Last Updated on 14/03/2022 by TheDigitalHacker
Let’s face it, a VPN offers a variety of benefits to online consumers. This ranges from hiding user IP to unblocking geo-restriction. As a result, it enables us to feel secure online.
Several VPN services are available in the market today. And each tends to promise exceptional online privacy and security. Among them is Google VPN.
After Google launched its VPN service, there were mixed reactions among Virtual Private Network (VPN) users. Again, many people have become skeptical about Google’s new business venture.
If you aren’t sure what VPN is then look at the article What is VPN and how it helps users protect privacy? by Privacy Savvy. It should give you a pretty good overview on the topic.
Considering you have a decent knowledge about VPN in mind, let’s dig deeper about Google VPN – and if it is worth trusting.
What is Google VPN?
Google VPN is Google-owned virtual private network service (as the name suggests) designed to help users encrypt their online activities. It comes as a free version though embedded in the 2TB or higher tier plan on Google One. Google affirms that the VPN is easy-to-use and offers maximum protection once connected.
The tech giant also released an Android-based version (the app) that is currently available to US users only. Still, the firm promises to expand its VPN services to other countries. It also aims at providing broader device support software.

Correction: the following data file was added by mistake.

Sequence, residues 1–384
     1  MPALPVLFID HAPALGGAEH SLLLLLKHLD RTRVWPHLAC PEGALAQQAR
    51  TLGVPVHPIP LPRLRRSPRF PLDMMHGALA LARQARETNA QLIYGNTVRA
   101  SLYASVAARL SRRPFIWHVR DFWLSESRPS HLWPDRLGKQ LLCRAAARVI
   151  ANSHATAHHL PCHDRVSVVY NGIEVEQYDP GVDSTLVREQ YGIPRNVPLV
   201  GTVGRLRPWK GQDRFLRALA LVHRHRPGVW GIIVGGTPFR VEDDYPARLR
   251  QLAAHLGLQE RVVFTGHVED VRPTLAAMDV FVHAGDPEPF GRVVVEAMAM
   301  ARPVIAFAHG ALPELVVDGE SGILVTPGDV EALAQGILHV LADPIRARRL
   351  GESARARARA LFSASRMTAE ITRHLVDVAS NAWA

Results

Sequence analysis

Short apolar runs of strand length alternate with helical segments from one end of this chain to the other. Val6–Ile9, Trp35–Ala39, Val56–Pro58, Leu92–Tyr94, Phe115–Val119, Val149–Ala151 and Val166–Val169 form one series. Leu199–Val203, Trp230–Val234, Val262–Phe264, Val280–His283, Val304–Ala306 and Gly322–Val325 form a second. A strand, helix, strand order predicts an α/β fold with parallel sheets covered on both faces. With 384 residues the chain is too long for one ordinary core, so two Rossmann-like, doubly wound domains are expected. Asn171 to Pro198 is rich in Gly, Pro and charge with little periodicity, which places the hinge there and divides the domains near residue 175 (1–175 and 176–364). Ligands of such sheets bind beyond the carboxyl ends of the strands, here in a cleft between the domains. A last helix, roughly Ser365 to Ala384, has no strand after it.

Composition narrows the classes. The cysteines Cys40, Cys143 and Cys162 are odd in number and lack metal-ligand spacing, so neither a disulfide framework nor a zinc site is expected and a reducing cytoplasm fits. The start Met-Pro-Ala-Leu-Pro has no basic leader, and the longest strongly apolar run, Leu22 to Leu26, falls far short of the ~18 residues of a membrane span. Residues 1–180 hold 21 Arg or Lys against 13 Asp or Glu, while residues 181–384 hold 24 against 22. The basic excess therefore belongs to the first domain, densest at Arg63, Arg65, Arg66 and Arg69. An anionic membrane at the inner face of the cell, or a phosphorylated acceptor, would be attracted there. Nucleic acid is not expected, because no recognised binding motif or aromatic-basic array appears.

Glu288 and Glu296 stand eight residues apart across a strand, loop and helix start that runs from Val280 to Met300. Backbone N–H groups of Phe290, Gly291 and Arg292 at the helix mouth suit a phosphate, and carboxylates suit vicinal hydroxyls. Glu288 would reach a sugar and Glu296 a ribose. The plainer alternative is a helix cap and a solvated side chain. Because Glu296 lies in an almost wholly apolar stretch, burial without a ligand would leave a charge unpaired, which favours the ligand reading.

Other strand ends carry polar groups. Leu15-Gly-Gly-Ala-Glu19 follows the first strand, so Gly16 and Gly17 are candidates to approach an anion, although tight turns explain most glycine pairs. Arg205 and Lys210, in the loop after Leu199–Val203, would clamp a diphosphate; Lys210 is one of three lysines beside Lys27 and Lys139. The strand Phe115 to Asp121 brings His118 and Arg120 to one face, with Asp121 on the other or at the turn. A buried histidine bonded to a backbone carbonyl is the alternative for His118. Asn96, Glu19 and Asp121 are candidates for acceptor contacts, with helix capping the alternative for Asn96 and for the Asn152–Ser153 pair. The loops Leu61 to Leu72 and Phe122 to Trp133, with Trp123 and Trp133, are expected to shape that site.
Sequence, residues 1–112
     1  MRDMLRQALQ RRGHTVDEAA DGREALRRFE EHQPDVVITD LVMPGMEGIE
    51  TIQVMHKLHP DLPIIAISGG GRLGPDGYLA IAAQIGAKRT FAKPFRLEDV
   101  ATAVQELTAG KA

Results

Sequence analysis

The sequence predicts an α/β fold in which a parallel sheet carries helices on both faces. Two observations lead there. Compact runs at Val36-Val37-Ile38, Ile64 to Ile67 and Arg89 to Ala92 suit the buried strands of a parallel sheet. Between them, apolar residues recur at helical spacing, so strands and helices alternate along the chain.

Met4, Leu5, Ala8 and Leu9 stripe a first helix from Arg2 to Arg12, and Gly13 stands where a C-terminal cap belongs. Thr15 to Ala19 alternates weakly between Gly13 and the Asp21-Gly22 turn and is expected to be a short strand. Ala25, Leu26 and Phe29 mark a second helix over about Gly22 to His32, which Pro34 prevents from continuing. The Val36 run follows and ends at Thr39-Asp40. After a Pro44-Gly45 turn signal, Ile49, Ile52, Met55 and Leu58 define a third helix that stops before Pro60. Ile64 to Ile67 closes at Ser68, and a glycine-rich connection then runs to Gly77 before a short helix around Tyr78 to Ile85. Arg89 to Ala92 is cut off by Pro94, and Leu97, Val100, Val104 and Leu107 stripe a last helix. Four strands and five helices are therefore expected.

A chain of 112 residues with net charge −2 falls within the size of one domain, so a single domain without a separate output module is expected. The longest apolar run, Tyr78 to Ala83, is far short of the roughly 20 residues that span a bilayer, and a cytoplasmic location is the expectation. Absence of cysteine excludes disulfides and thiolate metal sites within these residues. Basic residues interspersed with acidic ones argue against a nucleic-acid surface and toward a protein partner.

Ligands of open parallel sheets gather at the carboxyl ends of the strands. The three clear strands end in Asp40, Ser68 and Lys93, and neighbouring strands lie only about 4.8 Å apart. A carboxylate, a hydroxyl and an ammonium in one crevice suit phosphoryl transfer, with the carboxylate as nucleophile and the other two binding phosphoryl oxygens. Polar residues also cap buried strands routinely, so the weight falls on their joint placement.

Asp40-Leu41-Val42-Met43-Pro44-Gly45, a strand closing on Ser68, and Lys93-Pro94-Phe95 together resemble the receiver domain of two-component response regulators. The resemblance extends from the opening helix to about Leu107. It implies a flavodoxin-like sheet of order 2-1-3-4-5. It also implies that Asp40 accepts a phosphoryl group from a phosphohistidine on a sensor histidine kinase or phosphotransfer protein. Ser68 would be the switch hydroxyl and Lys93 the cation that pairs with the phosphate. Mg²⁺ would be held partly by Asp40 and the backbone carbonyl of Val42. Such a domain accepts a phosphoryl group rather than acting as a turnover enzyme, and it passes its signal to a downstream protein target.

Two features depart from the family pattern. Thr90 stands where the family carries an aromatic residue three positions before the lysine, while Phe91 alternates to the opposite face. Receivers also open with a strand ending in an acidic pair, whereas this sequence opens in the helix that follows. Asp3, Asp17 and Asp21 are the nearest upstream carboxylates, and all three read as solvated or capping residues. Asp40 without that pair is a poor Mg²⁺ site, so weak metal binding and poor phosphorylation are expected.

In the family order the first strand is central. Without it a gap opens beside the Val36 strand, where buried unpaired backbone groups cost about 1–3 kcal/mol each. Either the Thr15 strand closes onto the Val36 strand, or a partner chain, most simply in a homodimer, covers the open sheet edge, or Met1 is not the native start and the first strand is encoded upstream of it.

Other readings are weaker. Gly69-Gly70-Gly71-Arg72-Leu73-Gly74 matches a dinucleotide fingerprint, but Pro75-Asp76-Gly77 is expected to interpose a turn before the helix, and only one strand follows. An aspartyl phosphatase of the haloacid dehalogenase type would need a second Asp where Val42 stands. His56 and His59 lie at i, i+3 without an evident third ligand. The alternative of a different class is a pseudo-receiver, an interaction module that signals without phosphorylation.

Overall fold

That said, you might be amazed to discover that the VPN isn’t free as the company claims. First, it is only available to Google One users who subscribe to larger storage plans. The cost of specific plans often varies between countries.
For instance, you may pay between $10 to over $200 a month for a Google One package. With an active subscription, you then access Google VPN. Also, while it is costly, but interested users may opt for annual subscriptions – that is a bit cheaper.
How Google VPN came to be
The appearance of Google VPN might not have come as a surprise for people who have been in the VPN industry.
Back in 2018, Google tested its first VPN product, Google Fi. It was a mobile virtual network operator where the company tried its luck in the market.